Following only 19 months after See This Through And Leave, The Cooper Temple Clause released their second album Kick Up the Fire, and Let the Flames Break Loose on 8 September 2003. The album, which saw the band record for the first time at their own studios Bleak House, had a different style to it and increasingly incorporated electronic sounds into tracks. Its two singles, "Promises, Promises" and "Blind Pilots" achieved the band international recognition, with "Promises, Promises" reaching number 19 on the UK Singles Chart. The album was hailed by fans and critics alike and reached number 5 in the UK Albums Chart, the highest position the band would ever achieve.
Didz Hammond's departure and Make This Your Own (2005–2007)Edit
In September 2005, bassist Didz Hammond left the band to join ex-Libertine Carl Barât in the band Dirty Pretty Things. The Cooper Temple Clause issued a statement on their official website confirming Didz's departure. However Hammond is credited as playing bass on two of Make This Your Own's eleven tracks; "Damage" and "What Have You Gone And Done".
After many setbacks including a change in record label, and the loss of Didz Hammond, the band's third album was significantly delayed. It was finally released on 22 January 2007 and entitled Make This Your Own. It included the singles "Damage", "Homo Sapiens", "Waiting Game" and "Head". The album saw Fisher and Bellamy having a greater role in vocals, and featured fewer electronic influences than the previous album.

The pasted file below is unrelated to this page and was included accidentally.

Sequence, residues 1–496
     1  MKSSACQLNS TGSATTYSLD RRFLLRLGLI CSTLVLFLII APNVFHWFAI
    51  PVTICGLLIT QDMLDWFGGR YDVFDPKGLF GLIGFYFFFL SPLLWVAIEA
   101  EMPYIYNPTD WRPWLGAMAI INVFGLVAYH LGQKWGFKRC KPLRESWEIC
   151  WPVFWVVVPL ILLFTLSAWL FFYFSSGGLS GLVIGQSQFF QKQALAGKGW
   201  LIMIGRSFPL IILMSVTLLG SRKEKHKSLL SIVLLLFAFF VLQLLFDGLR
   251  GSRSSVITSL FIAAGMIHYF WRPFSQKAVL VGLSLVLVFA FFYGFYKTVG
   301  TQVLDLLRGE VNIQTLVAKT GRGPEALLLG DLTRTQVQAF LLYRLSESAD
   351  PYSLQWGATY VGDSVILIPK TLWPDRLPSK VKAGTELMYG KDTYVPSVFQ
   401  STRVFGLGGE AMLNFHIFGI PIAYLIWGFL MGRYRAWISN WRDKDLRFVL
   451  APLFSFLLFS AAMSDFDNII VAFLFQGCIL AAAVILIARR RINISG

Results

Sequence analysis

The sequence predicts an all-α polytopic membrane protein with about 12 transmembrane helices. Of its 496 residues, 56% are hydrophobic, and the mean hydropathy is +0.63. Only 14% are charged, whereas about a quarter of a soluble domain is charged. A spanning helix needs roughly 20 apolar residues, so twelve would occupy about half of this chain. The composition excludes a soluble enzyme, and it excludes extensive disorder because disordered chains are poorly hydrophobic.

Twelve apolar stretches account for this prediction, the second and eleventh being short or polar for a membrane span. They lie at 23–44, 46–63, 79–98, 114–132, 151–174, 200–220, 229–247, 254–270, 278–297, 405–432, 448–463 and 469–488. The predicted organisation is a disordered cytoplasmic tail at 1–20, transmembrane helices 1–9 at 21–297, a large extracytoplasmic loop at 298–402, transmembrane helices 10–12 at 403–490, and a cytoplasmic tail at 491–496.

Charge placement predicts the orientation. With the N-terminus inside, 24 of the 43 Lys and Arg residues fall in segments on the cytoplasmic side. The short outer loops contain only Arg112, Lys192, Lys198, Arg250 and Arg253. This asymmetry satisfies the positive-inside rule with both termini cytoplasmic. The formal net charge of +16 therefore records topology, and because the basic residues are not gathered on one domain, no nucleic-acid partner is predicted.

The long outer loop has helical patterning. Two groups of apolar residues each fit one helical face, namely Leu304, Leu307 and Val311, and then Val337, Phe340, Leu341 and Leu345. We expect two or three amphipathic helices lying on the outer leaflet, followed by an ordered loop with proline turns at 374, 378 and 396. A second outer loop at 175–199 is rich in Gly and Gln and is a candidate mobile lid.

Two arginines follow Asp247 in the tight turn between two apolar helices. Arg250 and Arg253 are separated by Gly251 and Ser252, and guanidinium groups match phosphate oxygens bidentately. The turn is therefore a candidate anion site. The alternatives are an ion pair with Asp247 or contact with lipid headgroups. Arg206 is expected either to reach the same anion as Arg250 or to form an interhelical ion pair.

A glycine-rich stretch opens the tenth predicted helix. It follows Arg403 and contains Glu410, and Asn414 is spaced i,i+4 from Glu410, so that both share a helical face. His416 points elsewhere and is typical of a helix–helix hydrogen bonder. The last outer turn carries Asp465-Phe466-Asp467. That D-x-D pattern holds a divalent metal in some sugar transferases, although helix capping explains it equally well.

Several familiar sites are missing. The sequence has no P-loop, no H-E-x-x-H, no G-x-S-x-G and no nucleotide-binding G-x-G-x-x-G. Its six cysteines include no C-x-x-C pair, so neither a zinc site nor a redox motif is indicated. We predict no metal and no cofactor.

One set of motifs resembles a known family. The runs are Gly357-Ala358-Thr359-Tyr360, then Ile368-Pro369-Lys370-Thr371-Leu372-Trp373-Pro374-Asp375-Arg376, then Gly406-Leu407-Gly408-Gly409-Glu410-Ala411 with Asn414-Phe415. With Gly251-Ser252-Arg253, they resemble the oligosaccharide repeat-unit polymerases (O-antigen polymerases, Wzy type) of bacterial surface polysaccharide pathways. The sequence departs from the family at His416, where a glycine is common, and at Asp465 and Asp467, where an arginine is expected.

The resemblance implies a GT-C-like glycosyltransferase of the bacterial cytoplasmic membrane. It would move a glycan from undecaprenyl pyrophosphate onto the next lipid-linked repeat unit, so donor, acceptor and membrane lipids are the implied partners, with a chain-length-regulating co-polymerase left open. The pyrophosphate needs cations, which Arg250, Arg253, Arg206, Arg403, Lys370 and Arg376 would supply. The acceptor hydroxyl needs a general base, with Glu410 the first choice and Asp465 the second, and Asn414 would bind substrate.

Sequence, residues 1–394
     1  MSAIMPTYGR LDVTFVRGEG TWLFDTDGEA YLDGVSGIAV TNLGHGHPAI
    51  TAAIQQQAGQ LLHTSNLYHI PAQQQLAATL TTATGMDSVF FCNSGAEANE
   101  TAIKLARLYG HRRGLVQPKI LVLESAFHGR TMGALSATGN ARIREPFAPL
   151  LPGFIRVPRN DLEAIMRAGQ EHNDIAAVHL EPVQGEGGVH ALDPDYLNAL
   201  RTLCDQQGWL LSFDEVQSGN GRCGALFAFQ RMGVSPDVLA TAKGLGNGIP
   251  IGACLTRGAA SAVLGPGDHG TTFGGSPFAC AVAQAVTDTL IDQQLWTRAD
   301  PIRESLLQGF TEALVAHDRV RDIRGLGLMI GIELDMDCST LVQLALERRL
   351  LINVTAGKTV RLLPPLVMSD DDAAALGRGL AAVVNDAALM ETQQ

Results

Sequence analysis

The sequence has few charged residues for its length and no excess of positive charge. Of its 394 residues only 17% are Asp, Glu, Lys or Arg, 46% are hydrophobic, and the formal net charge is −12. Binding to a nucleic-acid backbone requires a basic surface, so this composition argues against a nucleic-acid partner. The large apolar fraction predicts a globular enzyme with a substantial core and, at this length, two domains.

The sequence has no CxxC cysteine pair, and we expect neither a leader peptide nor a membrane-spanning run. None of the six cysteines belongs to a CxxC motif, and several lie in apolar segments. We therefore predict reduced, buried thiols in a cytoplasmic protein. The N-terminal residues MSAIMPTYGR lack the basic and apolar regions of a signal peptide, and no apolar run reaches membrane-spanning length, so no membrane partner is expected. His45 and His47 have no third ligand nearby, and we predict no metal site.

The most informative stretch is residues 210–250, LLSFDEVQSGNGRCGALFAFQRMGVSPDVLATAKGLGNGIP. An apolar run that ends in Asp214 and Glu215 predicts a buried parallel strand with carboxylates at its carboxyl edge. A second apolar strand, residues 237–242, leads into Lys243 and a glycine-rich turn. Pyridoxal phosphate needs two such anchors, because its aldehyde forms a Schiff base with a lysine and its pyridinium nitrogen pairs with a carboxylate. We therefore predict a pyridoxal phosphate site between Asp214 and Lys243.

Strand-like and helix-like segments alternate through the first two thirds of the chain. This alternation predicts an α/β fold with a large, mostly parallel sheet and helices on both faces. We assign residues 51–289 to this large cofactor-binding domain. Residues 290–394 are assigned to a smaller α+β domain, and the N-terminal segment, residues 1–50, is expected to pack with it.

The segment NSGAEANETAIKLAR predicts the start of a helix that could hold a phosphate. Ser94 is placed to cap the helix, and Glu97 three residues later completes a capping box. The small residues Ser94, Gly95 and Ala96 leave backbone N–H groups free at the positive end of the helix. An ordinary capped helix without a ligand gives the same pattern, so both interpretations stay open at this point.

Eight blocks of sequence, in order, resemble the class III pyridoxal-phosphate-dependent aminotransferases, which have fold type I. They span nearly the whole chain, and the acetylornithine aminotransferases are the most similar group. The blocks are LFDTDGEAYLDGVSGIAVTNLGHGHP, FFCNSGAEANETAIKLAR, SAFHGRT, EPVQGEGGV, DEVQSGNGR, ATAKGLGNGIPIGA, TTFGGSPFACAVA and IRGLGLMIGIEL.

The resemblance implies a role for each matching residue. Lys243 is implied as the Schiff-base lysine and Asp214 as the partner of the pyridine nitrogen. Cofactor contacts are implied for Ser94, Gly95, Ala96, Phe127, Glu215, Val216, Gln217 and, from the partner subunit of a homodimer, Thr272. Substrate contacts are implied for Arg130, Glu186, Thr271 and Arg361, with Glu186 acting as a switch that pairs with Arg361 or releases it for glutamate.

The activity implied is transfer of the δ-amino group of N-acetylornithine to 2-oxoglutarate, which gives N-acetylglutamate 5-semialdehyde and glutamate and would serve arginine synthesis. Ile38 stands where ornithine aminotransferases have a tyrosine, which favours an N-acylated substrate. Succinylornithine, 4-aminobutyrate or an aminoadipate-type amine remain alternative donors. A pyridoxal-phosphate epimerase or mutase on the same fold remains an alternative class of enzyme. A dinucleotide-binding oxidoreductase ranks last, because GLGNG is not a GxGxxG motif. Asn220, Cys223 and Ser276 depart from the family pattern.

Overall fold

The split and post-split work (2007–present)Edit
The band announced they had split up in late April 2007, following Fisher's decision to leave. The band had been due to headline the AKG Unsigned Heroes gig at London's KOKO in Camden later in the same week. During the week prior to the official split, the band had been scheduled to perform at Underworld and Dingwalls as part of the Camden Crawl. These two appearances were cancelled, however, with the band citing exhaustion as the reason. It is not clear whether the split was also a factor in the cancellations. A post was made on the band's website, announcing the split.